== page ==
It was no way to buy a house; in the dark. "Do not do it," I would say to anyone else, but we did. I suppose it was following a trend in our lives really; the trend of leaping first and looking later. Of course we always felt, as we leapt, that it was all part of God's plan, so it wasn't entirely as foolish as it sounds.
We saw the house once, in the evening, and the price and location were right, so we put in an offer conditional on the sale of our house in Tottenham. I really hoped that the house in Tottenham would not sell and thus prove that God wanted us to stay there, but alas, it sold immediately; for the asking price.
So we found ourselves, in February of 1974, with the help of friends and family, packing up our belongings and moving.
The house in Newmarket was built on a ravine lot. The basement had a walkout to the back yard, which overlooked waste land at the back. It was on the edge of Newmarket on a quiet street, and I know it sounds ungrateful but I hated the house the second time I saw it--which was the day we moved in.
I never felt as if it was really our "home," which was why, when Paul asked his question a couple of months after we moved in, I was ready to actually consider it.
He wanted to make a difference in the lives of people with disabilities but he had been working in an institution for just over 2 years and he was up against huge barriers. Trying to make even small changes to a system felt impossible from his vantage point.
A couple had been living as house parents for a group of ten men with disabilities, in a home associated with the institution. They were leaving, and there was a search in process for another couple to take over at the end of July...Yes, you can perhaps guess Paul's question.
All that I knew about his work was what I had learned through listening, and helping him with his studies, and having house guests from the institution for weekends sometimes. I had gone to an open house there once and had been overwhelmed by a sea of hands reaching out to shake mine, hungry: for contact, connection, attention, touch.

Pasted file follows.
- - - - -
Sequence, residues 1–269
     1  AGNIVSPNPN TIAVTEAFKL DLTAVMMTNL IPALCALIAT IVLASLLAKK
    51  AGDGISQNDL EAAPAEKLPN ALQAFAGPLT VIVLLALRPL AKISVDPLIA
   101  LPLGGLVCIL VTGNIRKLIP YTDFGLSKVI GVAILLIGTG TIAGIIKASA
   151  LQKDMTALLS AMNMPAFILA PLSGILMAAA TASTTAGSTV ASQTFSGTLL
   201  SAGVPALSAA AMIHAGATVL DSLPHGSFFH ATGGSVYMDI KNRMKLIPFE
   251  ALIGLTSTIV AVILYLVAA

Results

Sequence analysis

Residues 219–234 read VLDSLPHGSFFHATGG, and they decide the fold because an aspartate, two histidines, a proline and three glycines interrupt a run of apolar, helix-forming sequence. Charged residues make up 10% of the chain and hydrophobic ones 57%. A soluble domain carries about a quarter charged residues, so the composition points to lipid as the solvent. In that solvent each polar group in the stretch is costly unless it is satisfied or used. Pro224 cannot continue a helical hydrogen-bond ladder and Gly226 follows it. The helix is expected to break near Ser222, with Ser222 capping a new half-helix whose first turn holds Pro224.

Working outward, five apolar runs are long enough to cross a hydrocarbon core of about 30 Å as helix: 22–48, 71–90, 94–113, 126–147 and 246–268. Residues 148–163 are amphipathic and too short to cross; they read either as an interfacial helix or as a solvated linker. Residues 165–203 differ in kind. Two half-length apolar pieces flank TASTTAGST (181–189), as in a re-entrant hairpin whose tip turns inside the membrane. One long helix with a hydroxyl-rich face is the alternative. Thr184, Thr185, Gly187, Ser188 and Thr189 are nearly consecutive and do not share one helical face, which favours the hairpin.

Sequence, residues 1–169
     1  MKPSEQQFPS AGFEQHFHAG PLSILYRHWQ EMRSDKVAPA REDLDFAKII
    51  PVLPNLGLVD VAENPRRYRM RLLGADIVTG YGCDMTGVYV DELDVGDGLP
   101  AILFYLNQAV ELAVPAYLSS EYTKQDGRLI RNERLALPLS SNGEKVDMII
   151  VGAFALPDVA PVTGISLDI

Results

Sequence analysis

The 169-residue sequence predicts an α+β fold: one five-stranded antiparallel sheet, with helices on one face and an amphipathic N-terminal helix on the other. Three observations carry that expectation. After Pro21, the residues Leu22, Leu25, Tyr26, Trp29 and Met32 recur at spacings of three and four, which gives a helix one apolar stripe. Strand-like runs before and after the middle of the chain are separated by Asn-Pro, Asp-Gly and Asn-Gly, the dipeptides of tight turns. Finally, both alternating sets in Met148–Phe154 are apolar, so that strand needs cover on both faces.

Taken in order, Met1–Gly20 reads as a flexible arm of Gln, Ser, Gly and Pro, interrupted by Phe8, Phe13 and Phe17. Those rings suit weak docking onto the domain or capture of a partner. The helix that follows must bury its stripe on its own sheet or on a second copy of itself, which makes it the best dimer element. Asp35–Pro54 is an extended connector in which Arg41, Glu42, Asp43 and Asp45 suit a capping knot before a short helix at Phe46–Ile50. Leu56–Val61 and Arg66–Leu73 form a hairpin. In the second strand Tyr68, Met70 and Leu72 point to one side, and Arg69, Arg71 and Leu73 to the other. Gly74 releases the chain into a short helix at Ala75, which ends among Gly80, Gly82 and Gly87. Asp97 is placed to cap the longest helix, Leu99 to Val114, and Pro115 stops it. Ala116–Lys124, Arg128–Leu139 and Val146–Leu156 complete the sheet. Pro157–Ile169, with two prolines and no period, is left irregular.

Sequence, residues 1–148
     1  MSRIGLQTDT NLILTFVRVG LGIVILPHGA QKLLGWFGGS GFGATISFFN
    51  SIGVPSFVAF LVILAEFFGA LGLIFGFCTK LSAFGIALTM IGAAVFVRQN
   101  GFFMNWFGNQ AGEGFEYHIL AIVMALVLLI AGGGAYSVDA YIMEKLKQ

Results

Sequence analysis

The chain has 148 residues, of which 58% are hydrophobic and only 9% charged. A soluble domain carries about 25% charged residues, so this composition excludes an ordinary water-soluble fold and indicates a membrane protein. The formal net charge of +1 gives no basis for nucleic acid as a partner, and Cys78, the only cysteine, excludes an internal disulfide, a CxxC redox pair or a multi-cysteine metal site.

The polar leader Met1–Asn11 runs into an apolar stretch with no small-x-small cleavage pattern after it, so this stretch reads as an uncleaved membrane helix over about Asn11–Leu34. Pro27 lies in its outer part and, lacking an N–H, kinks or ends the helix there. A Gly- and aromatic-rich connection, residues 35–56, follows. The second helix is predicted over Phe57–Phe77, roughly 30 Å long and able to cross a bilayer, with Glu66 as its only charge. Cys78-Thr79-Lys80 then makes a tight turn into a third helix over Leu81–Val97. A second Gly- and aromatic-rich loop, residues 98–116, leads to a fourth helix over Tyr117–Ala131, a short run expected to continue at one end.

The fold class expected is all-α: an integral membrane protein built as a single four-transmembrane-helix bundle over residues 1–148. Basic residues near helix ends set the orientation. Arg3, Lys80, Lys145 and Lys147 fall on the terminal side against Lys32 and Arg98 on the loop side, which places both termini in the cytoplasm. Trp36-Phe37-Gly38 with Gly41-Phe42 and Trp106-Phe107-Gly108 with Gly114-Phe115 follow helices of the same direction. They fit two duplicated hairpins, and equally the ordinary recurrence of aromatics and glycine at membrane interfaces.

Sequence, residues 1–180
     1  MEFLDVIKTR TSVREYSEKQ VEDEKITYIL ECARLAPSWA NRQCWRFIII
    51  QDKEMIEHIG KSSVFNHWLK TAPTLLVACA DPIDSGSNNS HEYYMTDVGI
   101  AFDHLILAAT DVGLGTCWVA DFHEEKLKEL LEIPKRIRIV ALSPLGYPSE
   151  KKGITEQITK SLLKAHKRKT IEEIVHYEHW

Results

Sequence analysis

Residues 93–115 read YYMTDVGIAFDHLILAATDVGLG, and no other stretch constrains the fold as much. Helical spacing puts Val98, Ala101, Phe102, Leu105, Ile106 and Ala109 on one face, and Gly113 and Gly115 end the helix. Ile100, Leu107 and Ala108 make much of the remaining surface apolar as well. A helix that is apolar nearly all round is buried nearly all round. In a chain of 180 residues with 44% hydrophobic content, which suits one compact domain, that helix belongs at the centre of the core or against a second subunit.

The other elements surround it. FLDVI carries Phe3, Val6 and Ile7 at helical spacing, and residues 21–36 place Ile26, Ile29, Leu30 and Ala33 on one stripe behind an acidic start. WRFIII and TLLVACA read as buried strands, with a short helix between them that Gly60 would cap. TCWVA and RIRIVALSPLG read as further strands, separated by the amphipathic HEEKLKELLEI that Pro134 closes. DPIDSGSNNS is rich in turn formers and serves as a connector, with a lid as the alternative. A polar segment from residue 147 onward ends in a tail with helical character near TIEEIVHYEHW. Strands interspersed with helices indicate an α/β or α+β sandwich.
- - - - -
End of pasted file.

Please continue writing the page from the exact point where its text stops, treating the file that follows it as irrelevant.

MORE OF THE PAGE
Paul intended to keep working at the institution, but he wanted to move in with the men, who all had day programs during the week days. I would just have to do the cooking, he said, and of course, the laundry.
Only because I would have done almost anything to move out of the house we were in, I said, "Let's go and see."
It was at the beginning of June that we drove down the dirt road flanked by farms that ran between the towns of Newmarket and Aurora. There, off the road, at the end of a tree lined driveway, stood a rambling, white clapboard house, surrounded by fields and shaded by trees. Near to the road on one corner of the two acres it stood on, was an orchard and under some apple trees I noticed headstones--a pioneer cemetery. The wind blew through the tree tops and across the wildflowers in the fields and it whispered peace and welcome. I knew that we were meant to be there.
We went to England for a vacation that June and told everyone what we planned to do. At the time we were thinking of doing this for a couple of years.
When I think back to it now, such a lot had to happen in a very short time. We had only just moved into our new house, but we found a friend to rent it from us. I had an interview with the social work department at the institution and I must have passed. We went to England, came back, got ready to move again and ready for a family expansion from 5 (Paul's sister Sheila was living with us at the time) to 15. I was 24 and Paul, 27; Peter was 4 and Brenda was 2.
How mysterious and wonderful are the ways by which God works out his purposes in our lives; even stirring a nest he want a person to leave by making it ill fitting and uncomfortable.
And those two years? They stretched to ten, and I think that we would never have moved then, if the institution overseeing the home had not closed; God again stirring the nest when it was time to leave--but I am getting ahead of myself. Stay tuned for the next installment of the adventure of our lives next Monday.